Facebook crushes Q2 expectations despite rising scrutiny of its services and coronavirus concerns

Facebook crushes Q2 expectations despite rising scrutiny of its services and coronavirus concerns

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Facebook grew its revenue and user count despite the coronavirus pandemic, an ads boycott, an antitrust regulatory hearing, and rising scrutiny over hate speech and content moderation on its services.

“This was a strong quarter for us, especially compared to what we expected at the start,” said Mark Zuckerberg, Facebook’s CEO.

Facebook reported that during its second quarter it generated $18.69 billion, crushing analysts’ estimates of $17.4 billion. Second-quarter revenue was up 11% from the same quarter last year though much slower than the 26% it grew at that time. It also grew its daily active users across its family of apps to 2.47 billion, up 15% from the same quarter last year. Monthly active users across services were up 14% totaling 3.14 billion.

“We think that Instagram has played a major role in Facebook’s ability to withstand the effects of the pandemic,” Debra Aho Williamson, eMarketer principal analyst, said in a released statement. “Although Facebook doesn’t release details about Instagram’s revenue, we believe that Instagram has been a rapidly growing contributor to the company’s total revenue, and that its success is helping to buoy Facebook as a whole.”

Facebook attributed some of its user growth to shelter-in-place orders during the first few months of the pandemic. But the company expects user growth to be flat or slightly down in most regions in the third quarter as restrictions ease.

The company’s stock jumped about 7% in after-hours trading, priced at $250.19 per share, following the announcement.

Facebook’s earnings come one day after Zuckerberg joined the CEOs of Apple, Amazon, and Alphabet to testify before the House Judiciary antitrust subcommittee. All four companies reported earnings on Thursday, each beating analysts’ estimates. The news also comes as companies have slashed their digital advertising budgets during the coronavirus pandemic. (Facebook reported a slowdown in digital ads during the previous quarter, as well.) Alphabet and Microsoft similarly reported slowdowns in digital ad sales.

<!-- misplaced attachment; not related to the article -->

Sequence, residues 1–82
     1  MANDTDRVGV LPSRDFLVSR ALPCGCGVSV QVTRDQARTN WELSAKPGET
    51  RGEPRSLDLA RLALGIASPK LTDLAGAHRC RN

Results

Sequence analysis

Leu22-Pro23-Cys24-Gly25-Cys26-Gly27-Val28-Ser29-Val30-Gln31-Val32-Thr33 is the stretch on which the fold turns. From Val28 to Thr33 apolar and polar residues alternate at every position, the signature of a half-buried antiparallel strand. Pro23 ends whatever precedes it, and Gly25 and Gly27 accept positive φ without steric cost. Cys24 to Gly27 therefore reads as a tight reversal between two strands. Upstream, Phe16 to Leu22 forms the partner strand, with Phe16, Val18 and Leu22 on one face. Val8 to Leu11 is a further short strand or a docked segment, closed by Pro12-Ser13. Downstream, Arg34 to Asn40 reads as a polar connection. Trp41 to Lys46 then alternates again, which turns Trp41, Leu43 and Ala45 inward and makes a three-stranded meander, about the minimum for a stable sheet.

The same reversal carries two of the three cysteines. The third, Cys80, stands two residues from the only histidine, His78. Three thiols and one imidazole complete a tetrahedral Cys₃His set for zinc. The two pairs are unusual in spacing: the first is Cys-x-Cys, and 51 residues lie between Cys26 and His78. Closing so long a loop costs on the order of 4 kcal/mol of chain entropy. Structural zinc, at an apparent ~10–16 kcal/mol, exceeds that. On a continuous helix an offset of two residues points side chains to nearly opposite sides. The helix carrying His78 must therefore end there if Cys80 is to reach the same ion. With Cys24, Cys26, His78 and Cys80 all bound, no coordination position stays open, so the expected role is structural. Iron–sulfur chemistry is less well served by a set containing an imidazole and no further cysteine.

During the earnings call on Thursday, Zuckerberg spent some time defending Facebook following the previous day’s scrutiny of the congressional antitrust hearing. He touted the company’s services and their importance during the pandemic, suggesting connecting to loved ones and customers would be harder without Facebook. He also suggested Facebook is often misunderstood.

“There’s such a fundamental difference between how the vast majority of people actually experience our services, and the impression you’d get if you just read much of the commentary about Facebook,” he said on the call. “Some seem to wrongly assume that most of the content on our services is about politics, news, misinformation, or hate. Let me be clear: it’s not. “

Sheryl Sandberg, Facebook’s chief operating officer, also addressed the company’s work on hate speech and discrimination, citing the company’s Civil Rights audit and work to improve its content moderation. She said Facebook is working on the problem, “not because of pressure from advertisers, but because it’s the right thing to do.”

More than 1,100 advertisers participated in a one-month Facebook ads boycott over hate speech and discrimination—the effects of which won’t be reported until third-quarter earnings. Organizers of the boycott have said they plan to expand the call for a halt on Facebook ads to Europe and are continuing to communicate with many advertisers in the U.S., who have opted to extend the pause past July.

Analysts have previously said they don’t expect the boycott to have any major effect on the company’s earnings. Facebook said that within the first three weeks of July, ads grew about 10% year over year, in line with second-quarter growth, and that it expects third-quarter growth to be roughly similar to the July performance. Zuckerberg said people wrongly assume that Facebook is dependent on a small set of big advertisers, but the reality is small businesses represent the largest portion of advertiser dollars. While some small businesses did participate in the boycott, many couldn’t afford to take the financial hit that would come with halting ads.

Facebook also said headwinds for ad targeting and measurement to be increase due to regulations like the California Consumer Privacy Act and changes to mobile operating platforms, which the company said was “increasingly significant as the year progresses.”

Aho Williamson of eMarketer said calls the outlook “sobering” but “reflective of the uncertain state of the world’s economy.”

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